Jen Mazza: “It’s easier, maybe it’s more honest, to be mocking.”

In The Star-Ledger, Dan Bischoff profiles Jennifer Mazza, a painter who lives in Newark above Hobby’s Deli at Branford Place and Halsey Street. She’s been an artist-in-residence at the Newark Museum and at the Museum of Modern Art’s P.S. 1 on the strength of her tiny oil paintings of hands. “Her work is focused for the most part on hands: Hands crammed absently into a mouth, or plunged into the buckling pages of a book, or, in one memorable, early series, squishing a jelly doughnut into globules of scarlet goo. Mazza, 36, has garnered notice for these odd little paintings because, small as they are (usually smaller than a sheet of copy paper, not more than 6.5- by 8.5 inches), they often express the emotional range of an altarpiece. Fingers stand in for Roman soldiers, nailing a chin or a lip with their verticals and diagonals, or occasionally gnarling into a fist pressed against cheek or throat. Convincingly realist and painted in a high blond tone (she sees a correspondence with Jenny Saville, the English artist who first appeared over here in the controversial Saatchi exhibition called “Sensation” and paints colossal, nude, fat women), Mazza’s paintings often carry subtle suggestions of both violence and sexuality. But that’s not all they suggest.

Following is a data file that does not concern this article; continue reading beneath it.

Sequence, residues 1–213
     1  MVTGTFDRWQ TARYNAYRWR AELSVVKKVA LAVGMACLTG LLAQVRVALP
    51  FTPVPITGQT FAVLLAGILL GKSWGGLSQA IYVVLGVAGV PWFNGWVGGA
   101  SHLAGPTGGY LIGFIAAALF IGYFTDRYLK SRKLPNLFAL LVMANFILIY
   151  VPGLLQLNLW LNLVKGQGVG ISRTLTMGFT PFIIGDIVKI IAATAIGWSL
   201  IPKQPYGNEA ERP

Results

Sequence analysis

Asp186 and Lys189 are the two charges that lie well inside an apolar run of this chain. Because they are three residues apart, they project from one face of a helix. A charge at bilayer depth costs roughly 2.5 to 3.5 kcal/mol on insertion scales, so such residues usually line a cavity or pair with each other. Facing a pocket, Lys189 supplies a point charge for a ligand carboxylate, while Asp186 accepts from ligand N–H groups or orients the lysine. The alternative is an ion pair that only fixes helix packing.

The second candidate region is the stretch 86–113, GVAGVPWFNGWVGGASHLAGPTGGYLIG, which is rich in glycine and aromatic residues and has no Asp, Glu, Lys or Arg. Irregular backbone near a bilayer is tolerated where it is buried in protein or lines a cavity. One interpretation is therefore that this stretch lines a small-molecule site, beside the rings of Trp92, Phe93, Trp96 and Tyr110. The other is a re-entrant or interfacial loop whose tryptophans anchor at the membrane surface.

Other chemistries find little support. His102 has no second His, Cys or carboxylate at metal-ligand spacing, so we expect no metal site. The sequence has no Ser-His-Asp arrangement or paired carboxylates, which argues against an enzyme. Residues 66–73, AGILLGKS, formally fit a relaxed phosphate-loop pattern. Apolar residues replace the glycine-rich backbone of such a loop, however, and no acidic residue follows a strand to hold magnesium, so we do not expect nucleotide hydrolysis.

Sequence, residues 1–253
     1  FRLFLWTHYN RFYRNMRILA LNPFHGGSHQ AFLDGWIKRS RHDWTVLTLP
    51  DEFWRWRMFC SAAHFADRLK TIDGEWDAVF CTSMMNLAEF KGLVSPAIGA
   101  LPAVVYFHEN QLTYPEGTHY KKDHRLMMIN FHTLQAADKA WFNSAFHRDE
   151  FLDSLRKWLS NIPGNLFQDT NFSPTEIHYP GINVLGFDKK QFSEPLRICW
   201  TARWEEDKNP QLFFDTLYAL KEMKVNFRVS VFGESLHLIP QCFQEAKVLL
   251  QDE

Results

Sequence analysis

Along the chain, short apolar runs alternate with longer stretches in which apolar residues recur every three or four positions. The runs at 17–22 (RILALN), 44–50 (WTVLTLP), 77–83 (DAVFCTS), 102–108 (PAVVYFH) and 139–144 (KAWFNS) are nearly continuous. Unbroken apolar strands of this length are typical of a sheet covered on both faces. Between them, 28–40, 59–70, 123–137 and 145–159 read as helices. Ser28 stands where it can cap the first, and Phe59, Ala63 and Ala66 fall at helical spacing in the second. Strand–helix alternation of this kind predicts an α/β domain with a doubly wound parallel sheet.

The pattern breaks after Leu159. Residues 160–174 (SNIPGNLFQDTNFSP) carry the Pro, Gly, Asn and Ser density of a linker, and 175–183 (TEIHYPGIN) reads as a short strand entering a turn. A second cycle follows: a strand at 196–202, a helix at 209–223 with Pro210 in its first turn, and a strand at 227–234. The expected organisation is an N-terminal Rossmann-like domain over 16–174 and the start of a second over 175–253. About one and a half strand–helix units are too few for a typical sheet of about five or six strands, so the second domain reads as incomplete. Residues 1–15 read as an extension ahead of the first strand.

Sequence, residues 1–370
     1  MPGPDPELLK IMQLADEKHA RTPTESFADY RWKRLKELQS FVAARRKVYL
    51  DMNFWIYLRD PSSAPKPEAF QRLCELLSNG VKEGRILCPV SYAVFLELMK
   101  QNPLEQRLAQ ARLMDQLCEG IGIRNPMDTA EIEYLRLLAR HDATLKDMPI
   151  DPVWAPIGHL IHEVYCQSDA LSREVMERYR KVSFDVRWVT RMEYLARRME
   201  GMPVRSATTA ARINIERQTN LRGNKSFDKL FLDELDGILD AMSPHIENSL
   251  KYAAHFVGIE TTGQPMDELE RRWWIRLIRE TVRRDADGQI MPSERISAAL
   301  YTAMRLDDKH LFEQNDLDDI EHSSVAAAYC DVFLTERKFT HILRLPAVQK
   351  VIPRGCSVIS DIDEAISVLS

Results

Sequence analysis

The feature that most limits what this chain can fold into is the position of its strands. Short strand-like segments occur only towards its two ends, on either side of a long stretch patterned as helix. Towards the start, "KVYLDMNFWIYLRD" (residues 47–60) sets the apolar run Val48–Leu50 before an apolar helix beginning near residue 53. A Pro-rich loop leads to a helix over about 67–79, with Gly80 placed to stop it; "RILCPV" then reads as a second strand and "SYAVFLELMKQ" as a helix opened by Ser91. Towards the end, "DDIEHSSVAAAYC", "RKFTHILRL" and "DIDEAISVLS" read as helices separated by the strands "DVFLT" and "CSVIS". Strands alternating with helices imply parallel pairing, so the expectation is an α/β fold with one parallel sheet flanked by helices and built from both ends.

“‘There’s a kind of psychological dichotomy in art making,’ Mazza says. ‘You spend all day in the studio trying to make something sublime, and then you sell it for money… . I think that’s why, in the current dialogue about fine art, sincerity is frowned upon. Making something that is both meaningful and intimate in that larger context is really kind of difficult. It’s easier, maybe it’s more honest, to be mocking.'” Read more.

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